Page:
On 29 December Russia and China have finally signed the long awaited contract for the supply and installation of two reactors. The two VVER-1000 reactors will be built at Lianyungang in the Jiangsu province. The contract is worth $2-3 billion.

Following the signing ceremony in Beijing, Russia’s First Deputy Prime Minister Boris Nemtsov said that the contract was the result of “an unprecedented struggle with our rivals using everything to block it including Chernobyl”. Despite this, he added, there is also a strong possibility of a further contract to build two and maybe four more units.

Construction will begin next year and the first unit will be commissioned in 2005 followed by the second in 2007. Nemtsov said that, “for our country the contract is extremely significant, because our science and high-technology production facilities are foundering, and now they will get something to do.” Russian Embassy spokesman Vladimir Zakharov said individual equipment purchases will still have to be negotiated. Germany’s Siemens is expected to provide the plant’s I&C system. Russia will provide $1.8 billion in financing. The first stage of the project will cost around $2.2 billion.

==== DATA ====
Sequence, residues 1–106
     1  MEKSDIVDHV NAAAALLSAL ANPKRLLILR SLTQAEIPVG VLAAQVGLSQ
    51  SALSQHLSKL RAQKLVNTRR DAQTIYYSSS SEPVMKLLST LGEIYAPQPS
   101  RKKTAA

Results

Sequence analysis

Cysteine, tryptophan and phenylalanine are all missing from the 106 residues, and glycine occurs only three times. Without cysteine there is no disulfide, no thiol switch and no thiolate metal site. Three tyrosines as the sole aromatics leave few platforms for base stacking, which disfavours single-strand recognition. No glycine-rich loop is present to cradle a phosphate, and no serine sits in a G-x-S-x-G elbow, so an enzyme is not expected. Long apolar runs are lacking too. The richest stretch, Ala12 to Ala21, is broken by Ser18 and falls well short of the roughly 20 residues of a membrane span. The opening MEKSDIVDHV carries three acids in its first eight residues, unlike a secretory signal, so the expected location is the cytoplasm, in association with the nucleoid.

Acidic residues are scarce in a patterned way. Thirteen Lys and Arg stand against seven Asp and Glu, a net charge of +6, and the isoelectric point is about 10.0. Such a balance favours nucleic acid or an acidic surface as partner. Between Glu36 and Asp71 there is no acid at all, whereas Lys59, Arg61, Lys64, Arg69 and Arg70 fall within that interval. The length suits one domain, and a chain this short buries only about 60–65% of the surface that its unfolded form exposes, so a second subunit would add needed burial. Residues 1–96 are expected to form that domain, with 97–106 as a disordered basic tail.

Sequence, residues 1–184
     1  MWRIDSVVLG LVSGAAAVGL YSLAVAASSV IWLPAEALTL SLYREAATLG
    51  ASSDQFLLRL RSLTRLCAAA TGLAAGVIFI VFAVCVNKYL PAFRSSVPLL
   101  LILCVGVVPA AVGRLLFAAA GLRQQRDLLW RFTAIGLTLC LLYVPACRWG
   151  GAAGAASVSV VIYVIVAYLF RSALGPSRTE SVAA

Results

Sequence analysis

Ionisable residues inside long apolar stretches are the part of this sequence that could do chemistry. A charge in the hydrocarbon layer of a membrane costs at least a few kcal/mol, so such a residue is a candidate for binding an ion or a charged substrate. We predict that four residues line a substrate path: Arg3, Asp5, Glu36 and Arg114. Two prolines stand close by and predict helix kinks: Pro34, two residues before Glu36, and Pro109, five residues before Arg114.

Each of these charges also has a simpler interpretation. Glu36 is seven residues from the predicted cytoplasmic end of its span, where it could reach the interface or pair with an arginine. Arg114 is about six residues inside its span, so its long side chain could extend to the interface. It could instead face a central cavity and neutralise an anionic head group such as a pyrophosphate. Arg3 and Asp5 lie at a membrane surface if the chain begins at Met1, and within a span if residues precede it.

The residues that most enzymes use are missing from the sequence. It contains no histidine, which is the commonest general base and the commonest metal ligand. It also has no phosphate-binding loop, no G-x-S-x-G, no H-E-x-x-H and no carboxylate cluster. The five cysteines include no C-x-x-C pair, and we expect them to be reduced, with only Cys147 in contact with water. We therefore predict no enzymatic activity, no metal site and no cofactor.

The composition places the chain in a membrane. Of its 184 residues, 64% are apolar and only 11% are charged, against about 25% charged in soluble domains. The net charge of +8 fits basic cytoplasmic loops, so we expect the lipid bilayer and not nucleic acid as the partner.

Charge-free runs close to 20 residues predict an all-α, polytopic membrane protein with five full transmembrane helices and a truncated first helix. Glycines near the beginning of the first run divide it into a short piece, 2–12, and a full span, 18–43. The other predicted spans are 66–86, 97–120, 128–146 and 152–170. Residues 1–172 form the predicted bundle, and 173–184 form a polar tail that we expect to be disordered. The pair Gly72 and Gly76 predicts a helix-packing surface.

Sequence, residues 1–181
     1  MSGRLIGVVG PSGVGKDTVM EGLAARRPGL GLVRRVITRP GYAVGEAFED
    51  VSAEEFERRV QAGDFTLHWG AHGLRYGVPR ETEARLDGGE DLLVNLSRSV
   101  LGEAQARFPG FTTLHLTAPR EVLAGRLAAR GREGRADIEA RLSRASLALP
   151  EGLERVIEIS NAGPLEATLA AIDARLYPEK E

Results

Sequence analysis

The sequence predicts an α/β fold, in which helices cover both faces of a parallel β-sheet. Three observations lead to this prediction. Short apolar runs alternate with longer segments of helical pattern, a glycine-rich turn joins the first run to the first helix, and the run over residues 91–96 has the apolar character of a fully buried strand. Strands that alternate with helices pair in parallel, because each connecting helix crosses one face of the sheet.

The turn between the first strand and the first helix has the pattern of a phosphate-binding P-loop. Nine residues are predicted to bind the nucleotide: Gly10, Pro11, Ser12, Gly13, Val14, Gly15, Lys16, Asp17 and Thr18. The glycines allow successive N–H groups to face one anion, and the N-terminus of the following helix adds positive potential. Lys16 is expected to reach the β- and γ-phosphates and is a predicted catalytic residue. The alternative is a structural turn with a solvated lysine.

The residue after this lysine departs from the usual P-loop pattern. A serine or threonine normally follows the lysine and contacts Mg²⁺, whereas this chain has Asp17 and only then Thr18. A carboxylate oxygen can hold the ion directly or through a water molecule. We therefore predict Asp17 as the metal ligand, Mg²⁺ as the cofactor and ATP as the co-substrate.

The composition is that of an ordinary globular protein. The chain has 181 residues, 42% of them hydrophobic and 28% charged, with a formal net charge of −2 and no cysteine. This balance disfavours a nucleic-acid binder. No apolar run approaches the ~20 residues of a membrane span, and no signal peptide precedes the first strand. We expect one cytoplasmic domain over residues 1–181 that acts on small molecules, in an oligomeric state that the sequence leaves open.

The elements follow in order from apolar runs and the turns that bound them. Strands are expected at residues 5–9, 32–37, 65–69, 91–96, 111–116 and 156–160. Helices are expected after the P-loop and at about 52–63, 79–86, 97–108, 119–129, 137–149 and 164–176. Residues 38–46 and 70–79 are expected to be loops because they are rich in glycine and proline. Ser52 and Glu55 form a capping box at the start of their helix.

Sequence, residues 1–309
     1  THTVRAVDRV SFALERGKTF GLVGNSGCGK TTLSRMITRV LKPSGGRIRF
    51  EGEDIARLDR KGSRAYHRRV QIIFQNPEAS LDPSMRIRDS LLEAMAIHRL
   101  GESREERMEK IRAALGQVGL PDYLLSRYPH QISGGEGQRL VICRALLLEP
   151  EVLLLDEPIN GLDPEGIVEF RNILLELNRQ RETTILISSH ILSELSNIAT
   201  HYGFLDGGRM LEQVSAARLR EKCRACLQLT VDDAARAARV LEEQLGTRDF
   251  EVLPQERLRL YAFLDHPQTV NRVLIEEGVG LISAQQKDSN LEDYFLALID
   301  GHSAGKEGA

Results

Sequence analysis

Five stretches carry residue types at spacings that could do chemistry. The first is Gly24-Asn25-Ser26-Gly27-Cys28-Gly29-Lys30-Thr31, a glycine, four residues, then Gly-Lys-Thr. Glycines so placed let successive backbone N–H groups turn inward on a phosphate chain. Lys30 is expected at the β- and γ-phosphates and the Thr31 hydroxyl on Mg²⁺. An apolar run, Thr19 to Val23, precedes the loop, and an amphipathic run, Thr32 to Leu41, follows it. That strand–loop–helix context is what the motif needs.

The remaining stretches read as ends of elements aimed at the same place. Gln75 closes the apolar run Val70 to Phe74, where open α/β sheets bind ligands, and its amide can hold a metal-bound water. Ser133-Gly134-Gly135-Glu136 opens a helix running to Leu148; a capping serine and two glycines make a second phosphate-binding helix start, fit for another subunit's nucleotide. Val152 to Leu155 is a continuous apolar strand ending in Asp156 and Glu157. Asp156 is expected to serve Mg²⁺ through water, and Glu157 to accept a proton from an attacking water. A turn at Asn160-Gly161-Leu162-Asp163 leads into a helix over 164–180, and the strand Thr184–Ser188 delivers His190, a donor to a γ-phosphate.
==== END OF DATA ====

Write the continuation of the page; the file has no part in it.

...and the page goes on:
The contract is the first step in China’s ambitious plan to build as many as 150 reactors over the next 40 years. The deal was viewed as a setback to US competitors. Although none tendered for the Jiangsu plant, Russia believes that the contract will make it more difficult for the US to break into the market.

Russia is already looking to future co-operation with China. “We are studying the construction of a BN-800 fast reactor and a facility to reprocess the spent fuel,” Viktor Mikhailov, Atomic Energy Minister, said. “This will be enough for the next few years.”